Contraband Stereotypes a Slippery Slope

The contraband tobacco lobby is doing a great job of getting out the message. However, their message is, unfortunately, stereotypical and discriminatory towards the legitimate First Nations tobacco trade.

The term “contraband tobacco” is an example of a contemporary stereotype that discounts legitimate First Nations’ businesses and our legitimate tobacco trade wherein pure tobacco is shipped off directly to companies like 180 Smoke herb vaporizers which refine it and use it for different uses. Further to the stereotype, the revenue generated from the First Nations tobacco trade is somehow always linked to organize crime and now, terrorism, which is downright imprudent.

This week, the RCMP and numerous media outlets are reporting about an extensive underground economy that fuels organized crime and even overseas terrorism.

However, I would strongly argue that this underground economy supports First Nations families, communities and aboriginal business.

The National Coalition against Contraband Tobacco defines the term contraband as “products that do not comply with Canada’s tobacco regulations – specifically those regarding taxation, health warning labels, product testing and reporting, importation, stamping, manufacturing, and distribution.”

The contraband lobby also makes references to such “native brands” as Putters, Sago, DKs – all trademarks of Grand River Enterprises, Canada’s largest First Nation tobacco manufacturer. GRE is First Nations-owned and operated out of Six Nations.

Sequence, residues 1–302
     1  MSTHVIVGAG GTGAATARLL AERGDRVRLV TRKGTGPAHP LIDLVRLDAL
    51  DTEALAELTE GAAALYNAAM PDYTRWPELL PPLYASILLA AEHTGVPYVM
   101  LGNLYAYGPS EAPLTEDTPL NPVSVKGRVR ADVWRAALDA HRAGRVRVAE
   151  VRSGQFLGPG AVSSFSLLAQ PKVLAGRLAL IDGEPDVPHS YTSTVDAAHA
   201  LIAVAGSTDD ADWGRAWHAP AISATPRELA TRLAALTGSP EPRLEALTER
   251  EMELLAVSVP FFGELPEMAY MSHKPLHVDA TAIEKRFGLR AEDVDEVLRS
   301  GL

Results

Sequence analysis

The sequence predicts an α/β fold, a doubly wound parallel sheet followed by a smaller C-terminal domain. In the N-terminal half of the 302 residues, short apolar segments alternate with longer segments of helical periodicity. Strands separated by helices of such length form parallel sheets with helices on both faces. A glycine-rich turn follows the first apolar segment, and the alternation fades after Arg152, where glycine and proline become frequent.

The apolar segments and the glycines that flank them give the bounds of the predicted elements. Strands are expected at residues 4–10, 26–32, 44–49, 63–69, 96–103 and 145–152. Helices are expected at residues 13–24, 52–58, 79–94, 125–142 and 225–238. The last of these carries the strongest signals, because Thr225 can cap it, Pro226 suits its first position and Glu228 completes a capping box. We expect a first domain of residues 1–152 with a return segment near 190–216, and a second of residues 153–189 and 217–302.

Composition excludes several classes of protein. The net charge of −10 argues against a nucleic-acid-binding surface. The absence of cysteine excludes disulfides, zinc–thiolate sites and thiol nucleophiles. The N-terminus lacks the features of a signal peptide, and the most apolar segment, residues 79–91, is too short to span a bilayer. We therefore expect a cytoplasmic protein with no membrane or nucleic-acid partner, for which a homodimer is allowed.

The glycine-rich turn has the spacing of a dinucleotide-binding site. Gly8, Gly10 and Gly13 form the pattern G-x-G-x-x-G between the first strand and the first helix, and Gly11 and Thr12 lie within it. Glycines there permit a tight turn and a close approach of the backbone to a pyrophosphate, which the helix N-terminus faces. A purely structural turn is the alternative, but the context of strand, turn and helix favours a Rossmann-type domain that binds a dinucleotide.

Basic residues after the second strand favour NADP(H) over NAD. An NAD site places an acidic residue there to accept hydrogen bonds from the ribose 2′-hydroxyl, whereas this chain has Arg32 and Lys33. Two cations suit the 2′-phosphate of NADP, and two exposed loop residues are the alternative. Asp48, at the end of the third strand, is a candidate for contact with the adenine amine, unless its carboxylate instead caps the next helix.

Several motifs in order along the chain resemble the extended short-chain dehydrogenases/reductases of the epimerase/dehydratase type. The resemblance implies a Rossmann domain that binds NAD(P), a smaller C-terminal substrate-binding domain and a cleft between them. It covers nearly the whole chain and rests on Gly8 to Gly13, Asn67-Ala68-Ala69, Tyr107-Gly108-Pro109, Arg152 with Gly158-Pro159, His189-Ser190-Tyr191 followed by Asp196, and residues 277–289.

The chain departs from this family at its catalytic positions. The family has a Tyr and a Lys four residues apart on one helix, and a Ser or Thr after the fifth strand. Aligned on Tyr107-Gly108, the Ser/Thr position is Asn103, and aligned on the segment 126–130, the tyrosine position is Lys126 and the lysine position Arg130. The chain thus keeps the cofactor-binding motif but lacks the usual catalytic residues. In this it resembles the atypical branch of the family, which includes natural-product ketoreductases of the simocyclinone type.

However, what many people don’t know is that GRE do indeed pay their share of the federal excise tax. (Yes, First Nations DO pay taxes.) Millions of dollars each and every year go to the federal government. GRE products are clearly banded as such.

GRE brands are sold on-reserve, side-by-side with brands from Imperial Tobacco, Rothmans and JTI-MacDonald. All brands are available for a discount on-reserve, however, only the GRE brands are unfairly labelled as contraband.

The stereotyping continues by the National Coalition which states “aboriginal reserves, and the organized network of distribution that brings contraband tobacco off reserves, are fuelling the spread of these illegal cigarettes in communities throughout Ontario, Quebec and, increasingly, in other parts of Canada.”

Although true, such a statement unfairly paints all First Nations with the same brush.

Anishinaabe people have traded tobacco for centuries. If it were not for the First peoples of North America, the world would not have tobacco. First Nations’ governments continue to assert their right to trade tobacco.

But that’s where my defence of the tobacco industry ends.

As far as I’m concerned, tobacco should not be sold or traded whatsoever. Tobacco is the most sacred medicine, one of the first gifts given to us by the Creator.

I’m not a tobacco advocate, nor am I a smoker. I use tobacco in a traditional way only. I abhor those that abuse tobacco and choose to mangle their bodies with stench, stains and tumours.

I won’t stand up for the tobacco trade, but I will stand up for First Nations people, our rights, and the rights of business people to earn a living.